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When is it ‘Too Late’ for Planting Spring Oats, Spring Barley, and Spring Wheat?


Chaunce Stanton, Marketing Manager
Margaret Smith, PhD, Forage Agronomist


The key to a successful grain harvest of spring-planted oats, barley, or spring wheat is to promote tillering and head formation — growth phases that occur during relatively cool temperatures. Air and soil temperatures matter more than calendar date when it comes to a successful small grain harvest.

Understanding the Growth Stages of Cereal Grains

Cool-season annuals, spring-planted cereal grains thrive in temperatures below 70-75o F. Minimum soil temperature for germination of small grains are 35-37o F for spring wheat and barley, and 37-40 º F oats. Ideally, for germination and early growth, daytime air temperature highs would reach 60 º F and overnight temperatures would not drop below 40 º F for a robust stand within eight to 10 days after planting. Fortunately, during seedling emergence, the plant crown can sustain temperatures down to at least 28 º F. Once germinated, the plant is now programmed for development – there is no return to dormancy.

Cereal grains pass through two development stages: the first, vegetative stage sets the foundation for crop development by forming a rosette of initial leaf growth from the root crown and by initiating tillers. Each tiller can develop an additional stem complete with its own leaves, roots and tillers, and seedhead, capable of producing grain. The number of tillers is reduced when planting is delayed. High temperatures in the later spring result in more rapid accumulation of Growing Degree Days (GDD), limiting the time for tiller development.

After cereals complete this early growth stage, and sufficiently long days (hours of sunlight per day) are reached, they enter their second, reproductive stage. To reproduce (produce seed) the plant's main stem elongates, seedheads form, followed by head emergence, flowering and seed development.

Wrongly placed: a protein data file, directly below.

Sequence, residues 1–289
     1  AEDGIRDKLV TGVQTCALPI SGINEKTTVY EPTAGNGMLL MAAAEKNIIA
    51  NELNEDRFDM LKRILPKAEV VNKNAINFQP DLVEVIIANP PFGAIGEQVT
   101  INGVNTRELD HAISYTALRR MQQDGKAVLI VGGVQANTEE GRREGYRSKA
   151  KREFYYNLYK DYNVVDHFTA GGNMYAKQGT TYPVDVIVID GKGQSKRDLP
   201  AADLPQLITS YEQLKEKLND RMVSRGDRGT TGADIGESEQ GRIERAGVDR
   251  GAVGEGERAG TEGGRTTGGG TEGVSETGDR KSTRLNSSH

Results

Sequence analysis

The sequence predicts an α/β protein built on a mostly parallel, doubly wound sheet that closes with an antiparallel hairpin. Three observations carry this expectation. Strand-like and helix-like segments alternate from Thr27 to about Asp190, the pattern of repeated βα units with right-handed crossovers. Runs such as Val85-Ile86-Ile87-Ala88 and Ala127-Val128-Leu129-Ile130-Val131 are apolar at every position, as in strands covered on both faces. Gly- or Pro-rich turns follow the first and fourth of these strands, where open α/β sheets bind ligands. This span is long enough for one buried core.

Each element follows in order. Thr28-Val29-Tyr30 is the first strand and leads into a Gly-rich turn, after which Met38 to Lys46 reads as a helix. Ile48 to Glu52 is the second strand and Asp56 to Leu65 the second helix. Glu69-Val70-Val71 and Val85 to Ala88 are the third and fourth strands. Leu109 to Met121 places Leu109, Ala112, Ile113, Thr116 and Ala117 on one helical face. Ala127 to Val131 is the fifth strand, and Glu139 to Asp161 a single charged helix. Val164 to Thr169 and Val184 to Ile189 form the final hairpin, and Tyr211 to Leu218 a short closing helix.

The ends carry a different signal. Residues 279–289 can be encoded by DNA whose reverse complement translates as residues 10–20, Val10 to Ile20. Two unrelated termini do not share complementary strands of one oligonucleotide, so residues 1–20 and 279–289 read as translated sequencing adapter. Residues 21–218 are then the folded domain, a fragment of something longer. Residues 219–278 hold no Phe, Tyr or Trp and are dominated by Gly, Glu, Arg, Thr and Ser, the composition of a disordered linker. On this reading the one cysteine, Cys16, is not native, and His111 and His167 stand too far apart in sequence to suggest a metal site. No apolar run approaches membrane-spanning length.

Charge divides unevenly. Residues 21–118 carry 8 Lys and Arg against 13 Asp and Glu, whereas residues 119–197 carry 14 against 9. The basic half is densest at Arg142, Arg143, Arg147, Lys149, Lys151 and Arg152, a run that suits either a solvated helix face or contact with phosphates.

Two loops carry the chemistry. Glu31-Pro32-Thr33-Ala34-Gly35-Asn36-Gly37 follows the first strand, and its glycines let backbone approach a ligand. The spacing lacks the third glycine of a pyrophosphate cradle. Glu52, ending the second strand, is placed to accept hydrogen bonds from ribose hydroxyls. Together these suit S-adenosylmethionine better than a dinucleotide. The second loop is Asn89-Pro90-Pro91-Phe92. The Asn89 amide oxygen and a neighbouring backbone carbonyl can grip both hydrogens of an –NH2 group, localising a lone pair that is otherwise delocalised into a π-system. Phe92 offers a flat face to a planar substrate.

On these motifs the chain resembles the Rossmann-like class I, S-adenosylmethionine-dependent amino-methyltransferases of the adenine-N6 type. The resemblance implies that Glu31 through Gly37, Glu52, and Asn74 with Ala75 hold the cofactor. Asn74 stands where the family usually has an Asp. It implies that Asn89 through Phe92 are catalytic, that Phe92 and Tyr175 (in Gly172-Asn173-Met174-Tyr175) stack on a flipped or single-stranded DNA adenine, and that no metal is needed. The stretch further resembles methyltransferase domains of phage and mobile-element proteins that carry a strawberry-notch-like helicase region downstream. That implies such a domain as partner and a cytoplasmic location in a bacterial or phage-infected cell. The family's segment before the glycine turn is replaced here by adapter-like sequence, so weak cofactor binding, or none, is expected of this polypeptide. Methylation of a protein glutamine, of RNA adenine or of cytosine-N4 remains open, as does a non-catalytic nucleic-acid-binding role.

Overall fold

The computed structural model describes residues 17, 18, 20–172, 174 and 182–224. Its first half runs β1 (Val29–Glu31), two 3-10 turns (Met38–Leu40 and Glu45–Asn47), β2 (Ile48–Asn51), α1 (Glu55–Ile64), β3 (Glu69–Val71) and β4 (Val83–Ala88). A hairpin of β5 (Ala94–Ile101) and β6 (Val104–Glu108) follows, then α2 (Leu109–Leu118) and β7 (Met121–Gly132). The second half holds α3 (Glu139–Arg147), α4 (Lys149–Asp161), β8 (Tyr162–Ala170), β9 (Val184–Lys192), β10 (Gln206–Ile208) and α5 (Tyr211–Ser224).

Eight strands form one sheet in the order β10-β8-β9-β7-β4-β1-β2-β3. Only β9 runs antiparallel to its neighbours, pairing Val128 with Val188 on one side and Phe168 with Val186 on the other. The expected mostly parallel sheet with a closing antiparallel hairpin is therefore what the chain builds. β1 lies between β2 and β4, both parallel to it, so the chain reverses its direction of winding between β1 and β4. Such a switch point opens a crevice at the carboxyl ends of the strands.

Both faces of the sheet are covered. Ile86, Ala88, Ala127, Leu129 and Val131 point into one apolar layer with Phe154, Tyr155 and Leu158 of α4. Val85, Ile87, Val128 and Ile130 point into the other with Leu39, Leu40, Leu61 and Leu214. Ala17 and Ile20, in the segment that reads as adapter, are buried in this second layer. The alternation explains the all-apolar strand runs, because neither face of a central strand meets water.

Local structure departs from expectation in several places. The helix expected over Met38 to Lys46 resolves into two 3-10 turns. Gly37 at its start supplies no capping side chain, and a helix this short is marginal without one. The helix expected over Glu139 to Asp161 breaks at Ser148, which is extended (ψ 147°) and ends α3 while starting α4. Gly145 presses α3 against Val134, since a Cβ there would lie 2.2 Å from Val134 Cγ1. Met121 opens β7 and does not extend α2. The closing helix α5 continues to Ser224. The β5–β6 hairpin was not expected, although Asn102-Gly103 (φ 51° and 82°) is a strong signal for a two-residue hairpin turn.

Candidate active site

The yield potential of small grains is established by the 6-leaf stage of crop development. To allow the potential for high grain yields, a plant must produce the most viable flowers/florets that can become harvestable grain. These flowers develop from the spikelets, and the number of spikelets that develop are directly affected by temperature. Cooler weather during flower initiation and pollination causes rye/oat/wheat/barley plants to increase the number of kernels at each spikelet.

Following pollination, cooler temperatures during grain fill extend the number of days available for photosynthesis and carbohydrate transfer to each grain. thereby increasing the test weight of each kernel. Both the main stem and tillers have the potential to form loose panicles (as in oats) or spikes (as in wheat and barley) that will flower and then proceed to grain fill.

Recommended Spring Planting for Small Grains

But how late can you plant spring small grains for a good grain harvest? Clearly, conditions differ from year to year, and, of course, each state's planting ranges can vary by areas even within that state (north to south, for example). Here's an example from the University of Minnesota Extension's Optimum and Latest Planting Dates for Spring Small Grains in Minnesota.

We've collected a smattering of links for Midwest states, and, although this is a work in progress, we hope to build out a more comprehensive collection of information.